1. Given a time-series of data collected from a single running process that takes 8 hours to complete:
Minute GB of Disk Space Used
0 0
1 8
2 15
3 22

...Etc. It is sampled every minute, for 8 hours. The # of GB used jumps up and down a lot, and ends back at 0, like a big spiky mountain shape. I'm making a (large) assumption that running multiple instances of this process in parallel takes up proportionally more space, but doesn't slow eachother down.

  1. I've also got a hard upper bound that the summed area graph (the total of all space usage at any given minute) can't go above.

My personal upper-bound is 780GB (the amount of spare disk space), and if I ran 53 processes in parallel starting at the same time, they would all add up at minute 2 to (53 * 15) = 795 (which is > 780), the disk would run out of space, and everything would crash. Or if I ran 35 in parallel, they would crash at minute 3. No crashing allowed!

  1. The goal is complete as many runs of the process as possible within the next 7 days, by "packing them in" and running them in some overlapping manner by deciding when each run of the process starts.

First Attempt: Greedy

At first I thought it was a simple greedy problem: At every minute, ask "can you start a new process without the total of all running processes exceeding the limit in the future?" If yes, great! start a new one. If not, wait a minute and try again. This leads to "start 3 processes immediately. Wait until they all finish. Then do it again for 7 days."

Second Attempt: recursive?

Done! wait... that feels wrong, backpack-packing style. What about "If you line up runs A and B just right, they make a valley you could fit C in to."

Which makes it feel like a recursive solve problem. Is there an accepted way to optimize this sort of thing?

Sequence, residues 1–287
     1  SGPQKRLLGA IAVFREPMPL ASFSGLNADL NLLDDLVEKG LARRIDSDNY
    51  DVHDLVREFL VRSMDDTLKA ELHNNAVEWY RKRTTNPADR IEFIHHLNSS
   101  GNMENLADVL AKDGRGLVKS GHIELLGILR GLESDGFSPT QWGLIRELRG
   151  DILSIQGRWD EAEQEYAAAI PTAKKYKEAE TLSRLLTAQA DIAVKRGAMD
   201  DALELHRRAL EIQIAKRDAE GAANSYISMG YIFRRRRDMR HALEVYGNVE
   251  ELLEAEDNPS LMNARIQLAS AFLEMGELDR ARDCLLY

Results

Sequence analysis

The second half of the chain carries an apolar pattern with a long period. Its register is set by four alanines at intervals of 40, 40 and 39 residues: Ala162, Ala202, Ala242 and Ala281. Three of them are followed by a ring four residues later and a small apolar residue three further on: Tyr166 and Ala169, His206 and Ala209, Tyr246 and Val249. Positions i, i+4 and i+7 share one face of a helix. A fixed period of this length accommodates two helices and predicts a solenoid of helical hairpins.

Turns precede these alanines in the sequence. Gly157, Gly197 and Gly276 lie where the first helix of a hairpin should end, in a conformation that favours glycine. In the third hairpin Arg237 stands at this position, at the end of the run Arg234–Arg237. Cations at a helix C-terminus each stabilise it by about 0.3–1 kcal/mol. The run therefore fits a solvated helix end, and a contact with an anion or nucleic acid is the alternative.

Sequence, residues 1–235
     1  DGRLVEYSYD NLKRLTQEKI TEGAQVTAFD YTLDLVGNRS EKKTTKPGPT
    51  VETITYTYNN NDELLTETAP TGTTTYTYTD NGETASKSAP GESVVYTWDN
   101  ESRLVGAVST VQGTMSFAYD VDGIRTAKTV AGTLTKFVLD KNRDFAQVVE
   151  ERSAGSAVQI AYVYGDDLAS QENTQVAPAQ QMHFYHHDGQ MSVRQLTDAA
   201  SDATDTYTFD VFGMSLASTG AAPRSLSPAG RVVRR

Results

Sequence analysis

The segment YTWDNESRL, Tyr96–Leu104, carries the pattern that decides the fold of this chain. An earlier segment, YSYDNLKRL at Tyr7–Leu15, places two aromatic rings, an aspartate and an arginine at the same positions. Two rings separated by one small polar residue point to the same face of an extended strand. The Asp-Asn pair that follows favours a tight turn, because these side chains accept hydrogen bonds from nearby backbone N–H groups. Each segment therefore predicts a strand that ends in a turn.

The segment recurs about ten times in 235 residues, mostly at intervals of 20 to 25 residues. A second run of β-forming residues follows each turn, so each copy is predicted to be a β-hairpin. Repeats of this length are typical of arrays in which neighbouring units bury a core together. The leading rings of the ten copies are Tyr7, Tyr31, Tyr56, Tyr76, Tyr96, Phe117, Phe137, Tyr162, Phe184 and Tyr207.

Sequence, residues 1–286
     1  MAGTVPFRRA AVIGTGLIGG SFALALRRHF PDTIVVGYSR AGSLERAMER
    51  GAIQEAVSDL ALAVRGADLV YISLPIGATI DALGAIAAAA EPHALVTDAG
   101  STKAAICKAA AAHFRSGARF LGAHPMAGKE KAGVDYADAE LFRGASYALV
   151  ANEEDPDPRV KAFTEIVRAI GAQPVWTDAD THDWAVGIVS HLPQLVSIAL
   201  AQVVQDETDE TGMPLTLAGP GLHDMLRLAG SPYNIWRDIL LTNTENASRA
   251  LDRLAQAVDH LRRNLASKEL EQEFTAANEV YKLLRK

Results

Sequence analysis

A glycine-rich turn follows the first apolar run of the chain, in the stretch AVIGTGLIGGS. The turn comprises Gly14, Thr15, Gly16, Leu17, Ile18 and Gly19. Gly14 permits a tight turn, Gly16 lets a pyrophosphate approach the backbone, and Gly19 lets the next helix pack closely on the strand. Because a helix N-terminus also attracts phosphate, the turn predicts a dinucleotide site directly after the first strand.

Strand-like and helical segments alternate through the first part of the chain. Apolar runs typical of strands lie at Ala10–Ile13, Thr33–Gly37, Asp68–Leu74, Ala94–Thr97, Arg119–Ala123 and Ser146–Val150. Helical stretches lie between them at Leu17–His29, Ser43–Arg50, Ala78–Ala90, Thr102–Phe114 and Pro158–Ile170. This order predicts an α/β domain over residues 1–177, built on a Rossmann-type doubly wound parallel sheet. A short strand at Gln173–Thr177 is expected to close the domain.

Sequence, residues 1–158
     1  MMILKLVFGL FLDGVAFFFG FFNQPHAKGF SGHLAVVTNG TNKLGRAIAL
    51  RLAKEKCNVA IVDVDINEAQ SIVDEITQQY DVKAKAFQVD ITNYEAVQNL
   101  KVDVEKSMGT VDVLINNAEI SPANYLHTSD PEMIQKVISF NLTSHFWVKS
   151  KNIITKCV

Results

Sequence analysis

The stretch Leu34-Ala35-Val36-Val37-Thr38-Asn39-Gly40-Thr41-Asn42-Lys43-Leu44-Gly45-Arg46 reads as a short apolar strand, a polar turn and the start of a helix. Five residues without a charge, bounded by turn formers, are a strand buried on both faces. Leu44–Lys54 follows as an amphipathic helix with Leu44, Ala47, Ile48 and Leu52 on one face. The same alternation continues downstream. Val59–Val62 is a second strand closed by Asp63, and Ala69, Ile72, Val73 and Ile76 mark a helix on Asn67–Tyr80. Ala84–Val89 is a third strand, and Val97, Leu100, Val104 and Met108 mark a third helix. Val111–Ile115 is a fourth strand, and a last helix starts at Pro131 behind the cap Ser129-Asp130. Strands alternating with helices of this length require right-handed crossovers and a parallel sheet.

Third Attempt: Minimize the Maximum (like Tetris?)

My best guess at this point is a simple optimization strategy:

  1. Define a time bound (7 days)
  2. Place the next process start time at whatever is the minimizes the "max space used on the drive, over all time"
  3. If there are ties, move the graph to the soonest start point.
  4. Repeat #2 until nothing more fits.

This would work out to:

  1. First process starts immediately.
  2. Second process starts before the first one finishes: Whenever is in the downslope of the first one exceeds the upslope of the second one.
  3. Keep adding process start times until there isn't a place to slot in one more.
  • $\begingroup$ You can get a quick lower bound on the maximum disk space required for a "stack" of $k$ copies of the time series by solving a relaxed problem in which the order of values can be permuted freely. Starting from an array of $7\times 24\times 60$ zeros, repeat the following $k$ times: Add the largest time series value to the smallest array element, the second-largest to the second-smallest, etc. Afterwards, the maximum array element is a lower bound on the storage needed. $\endgroup$ May 4, 2021 at 14:20
  • $\begingroup$ @j_random_hacker - nice! $\endgroup$
    – Benjamin H
    May 5, 2021 at 21:29
  • $\begingroup$ @greybeard updated to "First Attempt" $\endgroup$
    – Benjamin H
    May 5, 2021 at 21:31

1 Answer 1


I suspect this problem is NP-hard, but haven't been able to prove it. In any case, Integer Linear Programming (ILP) is a good way to solve it.

Let $c_1, \dots, c_n$ be the series data. For each valid start time $i$, create a variable $x_i$ to hold the number of copies to start at this time and add the constraint $x_i \ge 0$. For each minute of time $i$ (now also including the 8 hours' worth after all valid starting times), add the constraint $\sum_j c_{i-j+1}x_j \le 780$. Objective: Maximise $\sum_i x_i$.

Although this will make for a fairly large ILP instance, my feeling is that will be a "nice" one that can be solved to optimality quickly by a commercial solver like CPLEX or Gurobi. But in case it's not: Even a free LP solver will solve the LP relaxation of this without difficulty; rounding down the $x_i$ gives a feasible solution. If there are few variables $\ge 1$, so that rounding gives an unhelpful answer, you can always just remove some of the variables (I suggest removing the ones with the lowest values) and re-solve.


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